# Every open subset $U\subseteq\mathbb{R}$ is countable union of disjoint open intervals.

Theorem. Every open subset $$U\subseteq\mathbb{R}$$ is countable union of disjoint open intervals.

I was looking for proofs for this result and I came to this interesting post: Any open subset of $$\Bbb R$$ is a at most countable union of disjoint open intervals. [Collecting Proofs].

Among all the proofs I started from the simplest one: the one written by G.T. https://math.stackexchange.com/a/1949873/554978.

However, I am not convinced of the proof that $$I_x$$ is an interval. I do not know if I did not understand correctly or the proof in question is not valid, so I propose one myself and I would like you to tell me which one is valid.

Definition. An interval is a subset $$I\subseteq\mathbb{R}$$ such that, for all $$a in $$\mathbb{R}$$, if $$a,b\in I$$ then $$c\in I$$.

Let $$x\in U$$ and we suppose that $$x\in\mathbb{Q}$$, then define \begin{align} I_x = \bigcup\limits_{\substack{I\text{ an open interval} \\ x~\in~I~\subseteq~U}} I,\end{align} we must prove that $$I_x$$ is an interval. About that let $$a,b\in I_x$$ such that $$a, then we must prove that $$c\in I_x$$.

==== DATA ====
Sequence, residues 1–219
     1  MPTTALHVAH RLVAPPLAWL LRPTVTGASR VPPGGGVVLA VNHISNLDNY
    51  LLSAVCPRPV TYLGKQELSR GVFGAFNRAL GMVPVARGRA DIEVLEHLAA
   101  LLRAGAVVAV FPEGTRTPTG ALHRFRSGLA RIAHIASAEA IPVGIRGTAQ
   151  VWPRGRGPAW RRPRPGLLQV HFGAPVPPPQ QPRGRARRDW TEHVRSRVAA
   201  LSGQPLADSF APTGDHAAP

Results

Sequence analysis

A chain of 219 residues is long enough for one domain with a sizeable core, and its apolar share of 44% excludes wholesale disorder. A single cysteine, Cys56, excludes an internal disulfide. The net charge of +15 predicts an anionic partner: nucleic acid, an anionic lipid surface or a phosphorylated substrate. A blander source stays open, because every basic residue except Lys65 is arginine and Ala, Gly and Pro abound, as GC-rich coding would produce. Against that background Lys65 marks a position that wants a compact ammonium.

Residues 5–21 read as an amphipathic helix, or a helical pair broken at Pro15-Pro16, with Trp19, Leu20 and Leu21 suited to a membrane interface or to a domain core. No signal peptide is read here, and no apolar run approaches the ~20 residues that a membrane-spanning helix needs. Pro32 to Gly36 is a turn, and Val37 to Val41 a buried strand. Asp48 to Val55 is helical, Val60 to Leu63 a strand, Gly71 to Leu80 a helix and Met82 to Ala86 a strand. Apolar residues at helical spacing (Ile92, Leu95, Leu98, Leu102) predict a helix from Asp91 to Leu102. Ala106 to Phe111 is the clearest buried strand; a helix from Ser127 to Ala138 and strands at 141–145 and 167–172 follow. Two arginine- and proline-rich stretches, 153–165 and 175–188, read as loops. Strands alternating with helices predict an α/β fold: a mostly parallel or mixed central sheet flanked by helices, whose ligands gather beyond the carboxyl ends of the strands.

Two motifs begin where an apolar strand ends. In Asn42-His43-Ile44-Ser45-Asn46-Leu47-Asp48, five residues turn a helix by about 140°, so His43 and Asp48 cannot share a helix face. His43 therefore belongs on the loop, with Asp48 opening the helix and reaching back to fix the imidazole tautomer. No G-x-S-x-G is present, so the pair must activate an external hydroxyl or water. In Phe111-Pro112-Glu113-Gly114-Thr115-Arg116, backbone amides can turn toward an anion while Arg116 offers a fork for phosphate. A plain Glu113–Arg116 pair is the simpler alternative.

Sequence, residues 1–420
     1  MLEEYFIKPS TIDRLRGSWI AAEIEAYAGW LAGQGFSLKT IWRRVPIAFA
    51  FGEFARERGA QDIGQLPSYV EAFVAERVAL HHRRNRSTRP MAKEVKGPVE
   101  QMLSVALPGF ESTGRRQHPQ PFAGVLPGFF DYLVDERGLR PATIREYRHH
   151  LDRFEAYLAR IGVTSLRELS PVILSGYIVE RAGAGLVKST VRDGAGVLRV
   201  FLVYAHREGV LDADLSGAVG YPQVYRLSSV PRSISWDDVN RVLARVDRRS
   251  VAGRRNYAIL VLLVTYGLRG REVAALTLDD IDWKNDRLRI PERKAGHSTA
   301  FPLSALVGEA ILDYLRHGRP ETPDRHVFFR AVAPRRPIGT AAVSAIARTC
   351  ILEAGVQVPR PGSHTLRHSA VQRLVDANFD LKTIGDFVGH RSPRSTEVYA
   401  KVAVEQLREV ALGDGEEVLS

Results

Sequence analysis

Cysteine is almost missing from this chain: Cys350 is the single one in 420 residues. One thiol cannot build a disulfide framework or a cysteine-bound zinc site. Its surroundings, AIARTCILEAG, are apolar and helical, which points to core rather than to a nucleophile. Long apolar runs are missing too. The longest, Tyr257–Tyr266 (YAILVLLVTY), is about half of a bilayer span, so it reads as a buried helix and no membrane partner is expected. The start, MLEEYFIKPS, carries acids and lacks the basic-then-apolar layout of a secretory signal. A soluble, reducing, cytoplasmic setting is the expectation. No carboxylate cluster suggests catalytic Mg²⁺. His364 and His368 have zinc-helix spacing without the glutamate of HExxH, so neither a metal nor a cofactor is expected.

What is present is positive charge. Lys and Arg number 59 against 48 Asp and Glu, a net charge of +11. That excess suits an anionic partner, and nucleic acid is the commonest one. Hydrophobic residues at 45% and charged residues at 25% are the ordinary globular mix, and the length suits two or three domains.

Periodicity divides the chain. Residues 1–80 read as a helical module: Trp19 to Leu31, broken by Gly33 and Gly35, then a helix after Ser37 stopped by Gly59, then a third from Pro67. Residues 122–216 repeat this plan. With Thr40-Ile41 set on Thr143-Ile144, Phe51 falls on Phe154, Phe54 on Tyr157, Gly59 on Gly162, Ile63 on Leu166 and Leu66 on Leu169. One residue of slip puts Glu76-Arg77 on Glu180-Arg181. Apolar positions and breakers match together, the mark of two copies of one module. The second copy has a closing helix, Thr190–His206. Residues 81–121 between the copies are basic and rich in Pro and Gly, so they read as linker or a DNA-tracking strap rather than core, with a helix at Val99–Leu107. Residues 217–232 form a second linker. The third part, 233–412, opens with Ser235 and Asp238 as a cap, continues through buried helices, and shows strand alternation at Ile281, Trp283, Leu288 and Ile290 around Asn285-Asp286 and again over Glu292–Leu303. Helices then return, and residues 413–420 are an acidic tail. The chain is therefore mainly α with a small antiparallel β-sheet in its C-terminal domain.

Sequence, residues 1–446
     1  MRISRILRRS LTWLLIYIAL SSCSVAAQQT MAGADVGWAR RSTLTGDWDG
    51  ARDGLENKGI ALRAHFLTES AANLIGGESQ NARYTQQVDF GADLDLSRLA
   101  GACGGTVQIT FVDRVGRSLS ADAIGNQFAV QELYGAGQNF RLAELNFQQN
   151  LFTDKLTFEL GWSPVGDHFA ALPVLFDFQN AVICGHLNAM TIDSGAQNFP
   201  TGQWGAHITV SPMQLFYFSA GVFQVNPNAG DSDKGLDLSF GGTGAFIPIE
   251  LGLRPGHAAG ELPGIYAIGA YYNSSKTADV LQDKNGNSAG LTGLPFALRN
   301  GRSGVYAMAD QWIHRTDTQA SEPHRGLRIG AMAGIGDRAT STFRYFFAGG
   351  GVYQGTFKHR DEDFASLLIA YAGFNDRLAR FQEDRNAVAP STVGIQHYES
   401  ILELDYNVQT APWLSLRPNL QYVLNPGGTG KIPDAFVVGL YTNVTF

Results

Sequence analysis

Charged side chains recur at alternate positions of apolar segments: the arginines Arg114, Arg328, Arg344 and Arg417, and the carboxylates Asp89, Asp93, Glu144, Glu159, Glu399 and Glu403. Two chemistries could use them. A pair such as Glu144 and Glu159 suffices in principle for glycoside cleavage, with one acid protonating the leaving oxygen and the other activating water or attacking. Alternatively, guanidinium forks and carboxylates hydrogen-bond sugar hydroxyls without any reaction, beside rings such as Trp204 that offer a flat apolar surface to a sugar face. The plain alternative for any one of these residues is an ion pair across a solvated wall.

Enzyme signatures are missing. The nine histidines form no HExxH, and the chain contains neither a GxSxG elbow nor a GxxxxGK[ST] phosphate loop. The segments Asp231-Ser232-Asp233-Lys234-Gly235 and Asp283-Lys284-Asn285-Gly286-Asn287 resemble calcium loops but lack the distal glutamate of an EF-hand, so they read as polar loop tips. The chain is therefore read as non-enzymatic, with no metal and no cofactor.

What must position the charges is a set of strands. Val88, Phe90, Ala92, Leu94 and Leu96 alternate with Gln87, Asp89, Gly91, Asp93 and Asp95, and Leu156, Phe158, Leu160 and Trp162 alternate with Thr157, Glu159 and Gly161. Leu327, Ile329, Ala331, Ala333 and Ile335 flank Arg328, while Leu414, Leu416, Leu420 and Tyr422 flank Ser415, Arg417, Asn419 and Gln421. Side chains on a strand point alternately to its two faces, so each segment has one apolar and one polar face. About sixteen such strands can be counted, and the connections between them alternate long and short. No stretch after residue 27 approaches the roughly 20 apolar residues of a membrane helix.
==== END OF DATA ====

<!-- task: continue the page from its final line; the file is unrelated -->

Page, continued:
Since $$a,b\in I_x$$, then $$a,b\in I$$ for same open interval $$I$$ which contains $$x$$. If $$a$$ and $$b$$ belong to the same $$I$$, since $$a and $$I$$ is an interval, $$c\in I$$, therefore $$c\in I_x$$.

Now, we denote with $$I_a$$ the open interval of $$I_x$$ which contains $$a$$, but not $$b$$ and we denote with $$I_b$$ the open interval of $$I_x$$ which contains $$b$$, but not $$a$$.

First case: $$[c=x]$$.

If $$c=x$$, then $$c\in I_x$$ by definition of $$I_x$$;

Second case: $$[c.

If $$c, then either $$a or $$a.

$$(i)$$ If $$a, since $$a\in I_a$$ and $$x\in I_a$$ and $$I_a$$ is an interval, then $$c\in I_a$$, therefore $$c\in I_x$$.

$$(ii)$$ If $$a, since $$x\in I_a$$ and $$a\in I_a$$, and $$I_a$$ is an interval we have that $$b\in I_a$$, absurd.

Third case $$[c>x]$$.

If $$c>x$$, then either $$a or $$x.

$$(i)$$ If $$a, since $$a\in I_a$$, $$x\in I_a$$ and $$I_a$$ is an interval we have that $$c\in I_a$$ therefore $$c\in I_x$$.

$$(ii)$$ If $$x, since $$x\in I_b$$ and $$b\in I_b$$, we have that $$a\in I_b$$ absurd.

Then in general $$c\in I_x$$, this prove that $$I_x$$ is an interval.

Thanks!

The third case is solved incorrectly.

Third case $$[c>x]$$

If $$c>x$$, then either $$a or $$x.

It should be $$a < x < c < b$$, not $$a < c < x < b$$.

So, the proof of the first part should now be:

(i) If $$a < x < c < b$$, since $$b \in I_b$$, $$x \in I_b$$ and $$I_b$$ is an interval we have that $$c \in I_b$$ and therefore $$c \in I_x$$.

With this correction, your proof is alright. Well done! :)